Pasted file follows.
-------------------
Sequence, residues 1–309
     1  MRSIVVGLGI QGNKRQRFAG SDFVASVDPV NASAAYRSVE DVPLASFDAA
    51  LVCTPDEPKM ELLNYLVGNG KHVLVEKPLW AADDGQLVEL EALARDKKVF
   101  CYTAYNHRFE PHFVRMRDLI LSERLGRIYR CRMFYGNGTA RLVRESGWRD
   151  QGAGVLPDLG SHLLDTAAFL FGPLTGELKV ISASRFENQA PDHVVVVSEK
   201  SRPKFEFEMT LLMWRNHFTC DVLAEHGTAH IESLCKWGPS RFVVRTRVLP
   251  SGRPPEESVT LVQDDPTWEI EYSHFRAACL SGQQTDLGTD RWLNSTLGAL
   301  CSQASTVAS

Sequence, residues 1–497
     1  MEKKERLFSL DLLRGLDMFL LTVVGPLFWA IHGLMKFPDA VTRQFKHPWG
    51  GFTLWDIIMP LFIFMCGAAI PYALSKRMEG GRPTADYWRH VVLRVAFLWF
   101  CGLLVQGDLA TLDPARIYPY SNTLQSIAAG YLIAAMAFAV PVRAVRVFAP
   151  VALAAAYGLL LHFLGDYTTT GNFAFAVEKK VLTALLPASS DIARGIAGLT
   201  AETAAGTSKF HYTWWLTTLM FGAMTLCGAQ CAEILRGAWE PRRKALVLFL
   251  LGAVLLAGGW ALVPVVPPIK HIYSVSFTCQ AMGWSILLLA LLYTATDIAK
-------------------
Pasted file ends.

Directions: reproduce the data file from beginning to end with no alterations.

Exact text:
Sequence, residues 1–309
     1  MRSIVVGLGI QGNKRQRFAG SDFVASVDPV NASAAYRSVE DVPLASFDAA
    51  LVCTPDEPKM ELLNYLVGNG KHVLVEKPLW AADDGQLVEL EALARDKKVF
   101  CYTAYNHRFE PHFVRMRDLI LSERLGRIYR CRMFYGNGTA RLVRESGWRD
   151  QGAGVLPDLG SHLLDTAAFL FGPLTGELKV ISASRFENQA PDHVVVVSEK
   201  SRPKFEFEMT LLMWRNHFTC DVLAEHGTAH IESLCKWGPS RFVVRTRVLP
   251  SGRPPEESVT LVQDDPTWEI EYSHFRAACL SGQQTDLGTD RWLNSTLGAL
   301  CSQASTVAS

Sequence, residues 1–497
     1  MEKKERLFSL DLLRGLDMFL LTVVGPLFWA IHGLMKFPDA VTRQFKHPWG
    51  GFTLWDIIMP LFIFMCGAAI PYALSKRMEG GRPTADYWRH VVLRVAFLWF
   101  CGLLVQGDLA TLDPARIYPY SNTLQSIAAG YLIAAMAFAV PVRAVRVFAP
   151  VALAAAYGLL LHFLGDYTTT GNFAFAVEKK VLTALLPASS DIARGIAGLT
   201  AETAAGTSKF HYTWWLTTLM FGAMTLCGAQ CAEILRGAWE PRRKALVLFL
   251  LGAVLLAGGW ALVPVVPPIK HIYSVSFTCQ AMGWSILLLA LLYTATDIAK